ACA to FCC: Preventing Blackouts Is Job One

Says any change to exclusivity rules should prevent any third-party interference
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The American Cable Association wants the FCC to act on retrans reforms before most of its smaller cable op members have to start negotiating new three-year retrans deals starting in October of this year. Key to those reforms, says ACA, is allowing cable operators to import out-of-market signals during retrans blackouts.

"It is axiomatic that MVPD subscribers should no longer be held hostage and subjected to broadcaster blackouts during retransmission consent negotiating impasses," ACA told the commission.

That came in comments to the FCC on further reforms of its retransmission consent rules. The FCC has already voted to prevent coordinated retransmission consent negotiations between top-four non-commonly owned TV stations in a market.

ACA wants the FCC to prevent all third-party participation in retrans negotiations, including preventing a network from "interfering" with the ability of a station to grant out-of-market retransmission consent.

The FCC has asked whether it should get rid of its network exclusivity rules. Those rules are essentially a backstop to network contracts granting stations exclusive rights to network programing in defined geographic areas. They prevent cable operators from carrying duplicate programming.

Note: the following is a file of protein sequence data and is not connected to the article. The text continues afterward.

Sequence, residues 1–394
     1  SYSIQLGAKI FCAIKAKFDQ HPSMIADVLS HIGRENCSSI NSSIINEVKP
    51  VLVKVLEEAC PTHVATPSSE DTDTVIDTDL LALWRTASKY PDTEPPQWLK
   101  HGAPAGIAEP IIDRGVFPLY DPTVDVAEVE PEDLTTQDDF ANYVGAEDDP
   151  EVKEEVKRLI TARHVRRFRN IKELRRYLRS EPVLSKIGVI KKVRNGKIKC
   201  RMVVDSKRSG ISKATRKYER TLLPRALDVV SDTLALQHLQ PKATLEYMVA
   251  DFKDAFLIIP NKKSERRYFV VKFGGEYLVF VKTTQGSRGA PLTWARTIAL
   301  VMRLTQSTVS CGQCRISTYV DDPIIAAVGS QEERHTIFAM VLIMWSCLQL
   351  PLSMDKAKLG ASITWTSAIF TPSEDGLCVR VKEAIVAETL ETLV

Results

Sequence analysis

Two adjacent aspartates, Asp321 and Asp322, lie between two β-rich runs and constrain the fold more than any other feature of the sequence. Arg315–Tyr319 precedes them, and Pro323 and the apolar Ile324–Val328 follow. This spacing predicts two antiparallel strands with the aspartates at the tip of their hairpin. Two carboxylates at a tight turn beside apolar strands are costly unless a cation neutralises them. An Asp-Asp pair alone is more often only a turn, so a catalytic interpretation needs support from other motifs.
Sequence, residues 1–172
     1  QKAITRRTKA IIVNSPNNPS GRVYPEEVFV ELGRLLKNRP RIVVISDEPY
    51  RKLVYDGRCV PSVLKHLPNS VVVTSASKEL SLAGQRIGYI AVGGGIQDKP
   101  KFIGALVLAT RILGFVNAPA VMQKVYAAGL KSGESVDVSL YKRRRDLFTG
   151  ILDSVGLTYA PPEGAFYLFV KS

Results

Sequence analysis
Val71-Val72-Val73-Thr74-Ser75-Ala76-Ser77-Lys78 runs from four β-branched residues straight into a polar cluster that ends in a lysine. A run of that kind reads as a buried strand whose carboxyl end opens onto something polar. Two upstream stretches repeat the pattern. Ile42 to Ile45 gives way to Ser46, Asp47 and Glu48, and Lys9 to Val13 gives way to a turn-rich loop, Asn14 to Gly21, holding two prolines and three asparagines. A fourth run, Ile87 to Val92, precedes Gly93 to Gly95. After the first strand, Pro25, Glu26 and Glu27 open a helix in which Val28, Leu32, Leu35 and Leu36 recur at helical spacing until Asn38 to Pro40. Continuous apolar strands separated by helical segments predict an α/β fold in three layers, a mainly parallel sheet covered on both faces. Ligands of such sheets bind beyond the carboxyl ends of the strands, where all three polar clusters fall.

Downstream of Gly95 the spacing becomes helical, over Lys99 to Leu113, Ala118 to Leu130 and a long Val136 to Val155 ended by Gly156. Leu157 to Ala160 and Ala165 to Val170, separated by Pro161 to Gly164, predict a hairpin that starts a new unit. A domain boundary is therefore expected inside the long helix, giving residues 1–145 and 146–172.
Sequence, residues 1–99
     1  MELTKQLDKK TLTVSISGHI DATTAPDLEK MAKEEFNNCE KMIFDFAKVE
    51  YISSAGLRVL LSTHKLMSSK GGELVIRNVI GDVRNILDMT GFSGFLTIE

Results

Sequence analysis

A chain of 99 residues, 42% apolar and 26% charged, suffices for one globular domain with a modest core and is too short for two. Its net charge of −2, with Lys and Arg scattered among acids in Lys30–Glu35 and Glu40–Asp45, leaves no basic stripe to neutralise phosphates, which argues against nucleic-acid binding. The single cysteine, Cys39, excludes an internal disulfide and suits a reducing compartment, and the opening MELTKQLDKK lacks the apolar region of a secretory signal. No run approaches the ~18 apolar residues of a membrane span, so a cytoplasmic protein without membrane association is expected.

ACA cautions the FCC that the rules not only protect stations, but also limit the geography where exclusivity can be enforced. "[T]he Commission must consider what is gained and what is lost with respect to both of these purposes," ACA said.

"To the extent the Commission is contemplating eliminating its exclusivity rules, it must ensure that networks cannot interfere with the ability of MVPDs to secure retransmission consent from an out-of-market station, especially to protect subscribers from losing access to network programming during retransmission consent impasses."

Robert Kenny, spokesman for TVfreedom.org, the broadcaster-backed group fighting retrans changes, disagreed that preventing blackouts should be the focus of government action.

"The American Cable Association again is missing the point," he said. "Job number one for lawmakers and policymakers is protecting the American consumer; and as U.S. Senator Claire McCaskill reminded us earlier this week, cable and satellite TV providers need to be more transparent and up front about what is driving up their customers monthly bills more than double the rate of inflation and begin to fix it. Pay-TV providers should be part of the solution by implementing protocols to better identify and self-correct customer billing errors and re-assess just how much they need to charge customers each month to rent set-top boxes as part of their service. Should pay-TV consumers across America really be paying multi-billions of dollars in equipment rental fees to cable and satellite TV providers year after year?"

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